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November 8, 2017

 

China's falling pork imports pose great challenge to foremost supplier EU

 

 

China's falling imports could prove particularly challenging for the EU pork market, which supplies two thirds of China's pork imports, the AHDB Pork said.

 

"This could especially be the case as US production expands, which may increase competition for market space", the pork division of the levy body UK Agriculture & Horticulture Development Board explained.

 

The Chinese pork import market fell behind the exceptional performance of 2016 in recent months, although it is still well above 2015 levels.

 

In the third quarter, shipments of fresh/frozen pork to China were substantially down a 50% on year-earlier levels, at 258,000 tonnes. Virtually all suppliers were affected, with German shipments declining 63% and those from Spain around a third less than during the same period last year.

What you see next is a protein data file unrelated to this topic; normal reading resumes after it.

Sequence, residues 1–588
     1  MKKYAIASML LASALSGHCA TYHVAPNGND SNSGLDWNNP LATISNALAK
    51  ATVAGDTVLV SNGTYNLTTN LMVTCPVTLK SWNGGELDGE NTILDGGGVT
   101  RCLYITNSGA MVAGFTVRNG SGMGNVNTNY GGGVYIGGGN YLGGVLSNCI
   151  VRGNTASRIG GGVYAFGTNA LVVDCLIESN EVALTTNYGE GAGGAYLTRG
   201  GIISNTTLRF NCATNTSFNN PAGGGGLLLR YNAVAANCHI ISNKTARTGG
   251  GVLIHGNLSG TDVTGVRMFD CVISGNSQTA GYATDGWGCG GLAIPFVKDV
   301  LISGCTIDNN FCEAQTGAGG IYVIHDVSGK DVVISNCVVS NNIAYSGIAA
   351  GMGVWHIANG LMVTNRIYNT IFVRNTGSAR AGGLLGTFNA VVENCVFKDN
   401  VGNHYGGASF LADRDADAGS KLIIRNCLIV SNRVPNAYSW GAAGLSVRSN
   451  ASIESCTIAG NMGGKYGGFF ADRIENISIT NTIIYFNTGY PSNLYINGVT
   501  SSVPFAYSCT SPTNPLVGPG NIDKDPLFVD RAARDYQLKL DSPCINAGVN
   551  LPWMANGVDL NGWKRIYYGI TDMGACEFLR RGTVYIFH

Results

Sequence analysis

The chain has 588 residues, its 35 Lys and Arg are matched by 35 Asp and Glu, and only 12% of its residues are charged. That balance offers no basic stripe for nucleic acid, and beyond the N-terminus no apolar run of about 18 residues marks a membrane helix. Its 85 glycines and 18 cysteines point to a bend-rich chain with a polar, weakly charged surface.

The UK shipped a modest 1% less according to Chinese customs. (According to available data from Her Majesty's Revenue and Customs [HMRC], UK pork exports to China still recorded year-on-year growth.)

 

AHDB Pork cited the latest USDA forecasts anticipating a 24% year-on-year decline in Chinese pork imports for 2017, and a further 3% decline in 2018. Shipments in the first three quarters stood 28% behind year-earlier levels, and this suggests there may be some stabilisation of volumes in the final quarter, AHDB Pork said. This jibes with the Rabobank's fourth-quarter report on global pork that says China's declining pork imports is expected to rebound in the fourth quarter.

 

China's import fall is attributed to some recovery in domestic production. Compounding the increasing production is what is perceived to be the stagnating consumer demand, according to AHDB Pork.

 

"Middle class urban consumers are reportedly switching away from pork towards beef, lamb and seafood. Hence, pork's market share is expected to decline moving forwards", it said. —Rick Alberto
 
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